The ancient Celts had thin places. They were places that the veil between the earth and beyond seem especially vulnerable to one another. Places where the things of heaven could pass to the earth and where things of the earth could pass to heaven. Stonehenge is one such place. Or labyrinths. Ritual, when it is meaningful, creates this thin place.

Jamie: Why should readers care about people and issues that don’t seem to touch their lives directly?

Terri: Unfortunately, it seems that issues of justice and mercy do not intersect with ordinary lives. Incarceration seems far away from us. Refugees in Syria seem far away. Violence in Palestine seems so very far away. But it all tangles together like my bag of knitting yarn. I am a very poor knitter. My yarns always get tangled and I don’t know what to do. And when it is in my bag, it will suck in all the other little things in there! Resources or things I might need become tangled up in the yarn. Those are resources that I need. They might be resources that others need.

In Washington, we spend about $9,600 per student to educate them. We spend about $45,000 per prisoner to incarcerate them. What we know is that by reading scores in the 4th grade, we can predict incarceration rates because we do not fully fund our schools. What if we were able to direct our resources into education? All students would benefit.

I imagine that it is like boats rising in a tide. A rising tide raises all boats. Yours, mine, everyone’s!

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© 2015, most words and all photographs, Terri Stewart, All rights reserved

BARDO NEWS: What Leibniz Never Learned; Paula’s “three minutes” of fame; Niamh’s new FB page; an opportunity for women poets … and more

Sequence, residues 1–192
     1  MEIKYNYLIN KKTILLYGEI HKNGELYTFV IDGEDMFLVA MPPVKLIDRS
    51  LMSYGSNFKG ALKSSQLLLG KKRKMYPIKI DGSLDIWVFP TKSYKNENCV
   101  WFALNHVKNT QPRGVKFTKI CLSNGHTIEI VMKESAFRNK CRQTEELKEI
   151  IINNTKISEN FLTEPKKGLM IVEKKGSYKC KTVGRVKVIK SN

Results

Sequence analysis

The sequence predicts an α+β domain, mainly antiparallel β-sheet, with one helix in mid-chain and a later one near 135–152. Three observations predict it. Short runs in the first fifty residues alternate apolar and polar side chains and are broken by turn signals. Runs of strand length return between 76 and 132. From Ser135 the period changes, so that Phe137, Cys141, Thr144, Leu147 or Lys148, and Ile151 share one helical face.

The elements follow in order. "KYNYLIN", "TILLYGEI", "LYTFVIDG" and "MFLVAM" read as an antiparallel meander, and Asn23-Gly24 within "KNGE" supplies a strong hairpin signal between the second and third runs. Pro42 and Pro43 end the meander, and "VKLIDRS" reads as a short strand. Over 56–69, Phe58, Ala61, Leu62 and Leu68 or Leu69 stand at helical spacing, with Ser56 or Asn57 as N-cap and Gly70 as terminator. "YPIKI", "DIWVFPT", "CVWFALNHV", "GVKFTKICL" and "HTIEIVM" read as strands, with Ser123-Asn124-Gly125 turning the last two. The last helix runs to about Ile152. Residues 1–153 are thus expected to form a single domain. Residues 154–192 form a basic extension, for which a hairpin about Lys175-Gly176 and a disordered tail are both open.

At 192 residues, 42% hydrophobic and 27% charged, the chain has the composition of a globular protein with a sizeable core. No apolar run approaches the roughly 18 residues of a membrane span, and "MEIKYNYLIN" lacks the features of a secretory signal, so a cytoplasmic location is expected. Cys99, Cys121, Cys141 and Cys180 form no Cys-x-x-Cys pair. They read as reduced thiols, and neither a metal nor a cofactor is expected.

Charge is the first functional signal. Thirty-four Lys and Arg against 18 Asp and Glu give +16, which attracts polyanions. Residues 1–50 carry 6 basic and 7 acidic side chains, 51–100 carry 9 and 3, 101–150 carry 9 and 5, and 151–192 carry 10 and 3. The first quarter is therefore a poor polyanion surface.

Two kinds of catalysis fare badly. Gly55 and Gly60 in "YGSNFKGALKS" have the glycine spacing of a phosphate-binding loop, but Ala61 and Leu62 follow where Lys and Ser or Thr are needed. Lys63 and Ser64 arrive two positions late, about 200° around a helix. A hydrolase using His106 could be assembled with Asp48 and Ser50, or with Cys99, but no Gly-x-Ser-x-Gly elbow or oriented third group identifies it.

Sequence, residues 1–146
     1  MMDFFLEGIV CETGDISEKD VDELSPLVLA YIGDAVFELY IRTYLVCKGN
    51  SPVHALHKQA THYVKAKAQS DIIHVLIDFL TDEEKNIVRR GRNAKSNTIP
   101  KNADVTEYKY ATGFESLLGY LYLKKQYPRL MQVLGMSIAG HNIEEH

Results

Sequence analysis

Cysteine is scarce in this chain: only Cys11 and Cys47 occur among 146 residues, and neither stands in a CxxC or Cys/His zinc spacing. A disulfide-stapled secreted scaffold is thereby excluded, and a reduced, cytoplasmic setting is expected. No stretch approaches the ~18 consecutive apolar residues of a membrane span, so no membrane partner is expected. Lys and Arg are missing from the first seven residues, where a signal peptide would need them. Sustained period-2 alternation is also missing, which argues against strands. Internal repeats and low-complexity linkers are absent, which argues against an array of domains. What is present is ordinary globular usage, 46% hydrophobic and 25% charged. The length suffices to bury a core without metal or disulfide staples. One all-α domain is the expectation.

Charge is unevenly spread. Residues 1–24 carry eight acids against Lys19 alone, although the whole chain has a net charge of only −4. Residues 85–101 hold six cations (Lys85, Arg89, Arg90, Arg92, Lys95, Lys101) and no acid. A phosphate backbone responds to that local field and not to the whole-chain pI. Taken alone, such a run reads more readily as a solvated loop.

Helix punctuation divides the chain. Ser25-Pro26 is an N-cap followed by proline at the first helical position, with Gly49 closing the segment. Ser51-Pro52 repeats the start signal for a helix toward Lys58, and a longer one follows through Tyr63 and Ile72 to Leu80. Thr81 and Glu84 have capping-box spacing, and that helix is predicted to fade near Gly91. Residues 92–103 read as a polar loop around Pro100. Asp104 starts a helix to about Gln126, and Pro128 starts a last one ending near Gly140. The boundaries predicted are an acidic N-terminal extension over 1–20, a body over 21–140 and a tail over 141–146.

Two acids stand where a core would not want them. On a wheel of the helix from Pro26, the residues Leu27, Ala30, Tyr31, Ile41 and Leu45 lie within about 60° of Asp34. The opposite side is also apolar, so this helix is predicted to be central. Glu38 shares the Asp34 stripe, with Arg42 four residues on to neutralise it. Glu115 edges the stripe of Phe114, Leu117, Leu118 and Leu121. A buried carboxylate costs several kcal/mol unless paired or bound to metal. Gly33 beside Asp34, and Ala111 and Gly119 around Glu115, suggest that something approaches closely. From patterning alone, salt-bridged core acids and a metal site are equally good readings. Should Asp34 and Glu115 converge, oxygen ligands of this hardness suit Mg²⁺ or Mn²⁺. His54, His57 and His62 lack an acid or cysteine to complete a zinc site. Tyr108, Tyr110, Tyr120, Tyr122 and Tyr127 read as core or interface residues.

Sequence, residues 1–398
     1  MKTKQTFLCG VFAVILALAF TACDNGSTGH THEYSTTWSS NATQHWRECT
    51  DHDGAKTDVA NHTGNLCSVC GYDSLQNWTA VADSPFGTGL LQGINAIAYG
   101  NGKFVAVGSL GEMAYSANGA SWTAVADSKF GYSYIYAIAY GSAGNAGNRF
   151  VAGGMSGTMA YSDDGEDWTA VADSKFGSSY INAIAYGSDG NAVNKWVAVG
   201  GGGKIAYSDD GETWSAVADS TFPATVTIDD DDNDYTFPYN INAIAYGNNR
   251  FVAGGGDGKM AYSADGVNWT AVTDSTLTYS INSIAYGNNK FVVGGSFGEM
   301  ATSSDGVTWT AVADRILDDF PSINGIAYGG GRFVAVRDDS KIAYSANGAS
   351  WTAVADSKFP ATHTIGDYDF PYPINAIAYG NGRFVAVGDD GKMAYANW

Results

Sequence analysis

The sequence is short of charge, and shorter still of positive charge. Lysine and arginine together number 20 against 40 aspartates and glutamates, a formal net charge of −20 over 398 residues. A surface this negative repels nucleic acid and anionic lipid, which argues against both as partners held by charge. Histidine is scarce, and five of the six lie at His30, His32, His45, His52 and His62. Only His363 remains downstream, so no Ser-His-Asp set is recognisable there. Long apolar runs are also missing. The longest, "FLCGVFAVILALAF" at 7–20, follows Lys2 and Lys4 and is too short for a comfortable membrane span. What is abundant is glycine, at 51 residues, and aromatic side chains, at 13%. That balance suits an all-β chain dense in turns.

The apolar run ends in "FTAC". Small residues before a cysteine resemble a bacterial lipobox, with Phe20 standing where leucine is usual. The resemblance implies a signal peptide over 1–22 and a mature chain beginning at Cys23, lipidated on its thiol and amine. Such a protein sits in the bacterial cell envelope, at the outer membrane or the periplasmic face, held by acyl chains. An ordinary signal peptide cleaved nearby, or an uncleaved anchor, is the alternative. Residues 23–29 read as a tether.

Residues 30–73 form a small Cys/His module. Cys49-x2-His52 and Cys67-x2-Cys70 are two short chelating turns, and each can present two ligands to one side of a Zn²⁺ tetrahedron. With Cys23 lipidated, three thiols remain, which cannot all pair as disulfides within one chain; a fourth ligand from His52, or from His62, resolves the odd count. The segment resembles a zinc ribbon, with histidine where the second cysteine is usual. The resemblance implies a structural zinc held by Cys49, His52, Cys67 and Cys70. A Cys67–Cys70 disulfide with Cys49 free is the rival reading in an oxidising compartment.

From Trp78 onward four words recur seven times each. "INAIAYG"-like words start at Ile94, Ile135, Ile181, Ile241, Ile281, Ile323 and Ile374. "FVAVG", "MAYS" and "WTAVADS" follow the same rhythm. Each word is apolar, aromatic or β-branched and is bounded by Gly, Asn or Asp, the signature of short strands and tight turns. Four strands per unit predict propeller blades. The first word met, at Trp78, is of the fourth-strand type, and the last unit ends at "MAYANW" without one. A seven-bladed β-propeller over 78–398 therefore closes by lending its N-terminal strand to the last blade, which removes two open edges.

Life happens – as you all know too well, I’m sure – and what little time I am able to spend online in this moment is largely dedicated to our collabrative blog, “Into the Bardo,” where lots of exciting things are happening. I’ll be back here within the next two weeks. Meanwhile, this reblog of “Bardo News” provides an overview of events, including some in which you might want to participate. Hope to see you there. Poem on … P.S.: It’s not for women only.

The BeZine

sllwomanreverseVia contributing poet and good friend to Bardo, Myra Schneider for Second Light Network of Women Poets: AN INVITATION TO WOMEN POETS TO SUBMIT TO A MAJOR NEW ANTHOLOGY FUNDED BY THE ARTS COUNCIL ENGLAND and open to contributions from any women anywhere in the world …

The Second Light Network of Women Poets have recently received Arts Council funding to bring out an anthology of poetry by women poets. It will be calledWings of Glass. The book will focus on ambitious writing and be published next autumn 2014 and launched at the Second Light Festival in central London in late November. The editors are Penelope ShuttleMyra Schneider and Dilys Wood. Submissions will be accepted between 15th November and 15th January. Please see full details for submitting : www.secondlightlive.co.uk